June 13,2021 The Eleventh Sunday in Ordinary Time (Cycle B)
The tie in between today’s readings: The Lord’s harvest
Psalm 92:2-3;13-16, Ezekiel17:22-24, 2 Corinthians 5:6-10, Mark 4:26-34
Things were really looking bad for the nation of Judah. Generation after generation of kings and peasants ignored the pleading of Jehovah’s prophet to repent from sin and idolatry. There was nothing left for the Lord to do but bring His wayward people into judgement under the heel of Nebuchadnezzar. Blood flowed freely and drenched the war-scarred landscape. The royal house of David was swept away along with the rest of the population into Babylon. As they endured their exile it seemed like the end of everything, but God was not done with His people. In today’s reading in Ezekiel 17:22-24, the Lord’s prophet tells them of a coming hope. The Almighty, Himself, promises to plant a sprig from David’s kingly line on a high mountain in Israel and create a new nation so miraculous and so different that the world will marvel. This sprig will grow into a stately cedar and birds of every kind will nest in the shade of its branches. In our parallel gospel reading in Mark 4:30-32, Jesus teaches the historic “Mustard Seed” parable and flashes us back to this phenomenal realm for us to realize that it is none other than the Kingdom of God.
The well-known parable of the “Mustard Seed” shows us the macro view of Christianity’s growth throughout the world. But, let us also keep in mind that God’s Kingdom, the Church, is made up of individuals. The parable of “The Seed” in today’s reading in Mark 4:26-29 provides an insight into this aspect of God’s domain. These few verses give an almost matter-of-fact visual on what happened to the seeds that fell on the good ground in Jesus’ preceding parable about the “Four Soils” in Mark 4:1-20. After casting the seeds, the farmer watches them throughout the season. Clueless as to how it happens, he sees them sprout, then grow into blades, the head comes next, and finally the grain. You need to read between the lines or you’ll miss the Lord’s mysterious workings in this parable. Although not mentioned, a lot happens to these seeds during their development. They face floods, droughts, insects, disease, and weeds planted by an adversary illustrated in yet another gospel (Matthew 13:24-30). It’s a wonder they make it to maturity at all! It’s entirely God’s protecting and guiding hand that brings each of these little ones through. Now, you can see that this is really a parable about each of us. In our Christian walk, the promised Holy Spirit abides with us so that we can grow in the grace and knowledge of the Lord and bears spiritual fruit in our lives as defined in Galatians 5:22-23. In God, we live and move and have our being for His praise and glory. Finally, once the challenges of this world have been met and the crop of our lives produced, it’s time for the harvest.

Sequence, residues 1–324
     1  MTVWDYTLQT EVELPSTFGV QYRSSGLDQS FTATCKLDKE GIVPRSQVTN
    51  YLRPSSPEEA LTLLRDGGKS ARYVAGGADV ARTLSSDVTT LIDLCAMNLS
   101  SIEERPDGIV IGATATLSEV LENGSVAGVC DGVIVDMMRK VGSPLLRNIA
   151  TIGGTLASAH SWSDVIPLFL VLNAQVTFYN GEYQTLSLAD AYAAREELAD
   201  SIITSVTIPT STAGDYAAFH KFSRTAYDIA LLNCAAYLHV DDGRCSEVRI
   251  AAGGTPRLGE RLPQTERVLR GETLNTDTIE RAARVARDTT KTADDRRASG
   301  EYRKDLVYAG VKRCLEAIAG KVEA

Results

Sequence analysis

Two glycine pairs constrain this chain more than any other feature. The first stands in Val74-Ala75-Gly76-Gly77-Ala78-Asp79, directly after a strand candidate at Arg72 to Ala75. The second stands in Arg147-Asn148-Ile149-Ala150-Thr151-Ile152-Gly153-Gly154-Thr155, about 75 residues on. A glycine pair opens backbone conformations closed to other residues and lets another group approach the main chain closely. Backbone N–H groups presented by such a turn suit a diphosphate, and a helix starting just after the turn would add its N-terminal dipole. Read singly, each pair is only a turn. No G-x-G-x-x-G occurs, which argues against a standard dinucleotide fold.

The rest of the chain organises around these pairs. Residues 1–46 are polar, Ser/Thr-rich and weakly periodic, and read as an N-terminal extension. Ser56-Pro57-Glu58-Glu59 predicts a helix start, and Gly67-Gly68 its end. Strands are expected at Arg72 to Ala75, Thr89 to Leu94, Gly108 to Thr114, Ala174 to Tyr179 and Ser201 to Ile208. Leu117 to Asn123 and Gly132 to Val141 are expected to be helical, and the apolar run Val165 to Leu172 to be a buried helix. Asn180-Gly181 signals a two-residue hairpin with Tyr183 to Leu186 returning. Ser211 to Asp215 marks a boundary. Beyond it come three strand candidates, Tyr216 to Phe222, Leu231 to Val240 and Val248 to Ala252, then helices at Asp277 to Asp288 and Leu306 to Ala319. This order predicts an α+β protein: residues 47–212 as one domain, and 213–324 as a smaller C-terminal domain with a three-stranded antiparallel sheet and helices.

Sounds scary, doesn’t it? Let’s face it, the sickle will swing for all of us one day. But, when you stop and think about it, the whole purpose of growing a crop is the harvest. In today’s reading in 2 Corinthians 5:6-10, the Apostle Paul gives us a balanced view between life here on earth and our eternal life in heaven. His first words of wisdom: Don’t be afraid! Absent from the body means to be present with the Lord. This is not only a good thing…it’s the preferred thing. Paul follows up with this directive: whether we are here walking by faith or there seeing God face to face, our goal is to always be pleasing to Him. Please Him here in your present life and you will please Him there when you stand before Him in judgement. Never forget that we must all give an account for the good and bad that we have done. May we have a good harvest to present to our Master and not stand before Him ashamed and empty handed.
For now, let us praise our God just as the writer of today’s reading in Psalm 92 does. Our Father has been and will always be faithful to us. The Lord’s loving kindness will never be taken away. We, who are the wheat of His field and the vines in His vineyard are the apple of His eye. With our planting He has given us everything we need to flourish and produce the fruit of His Spirit in our lives even to our old age. Let us, in return, be faithful to our calling in Christ until He calls us home. With an eternal perspective in mind, never forget that we are all part of the bigger picture of the Kingdom of God. Fruit bearing is a very sobering business. The smile or the scowl of the Savior awaits us. So, stay busy for the Lord, good and faithful servant. Drive those roots deep down into the things of God, reach upward…and keep growing, my friend.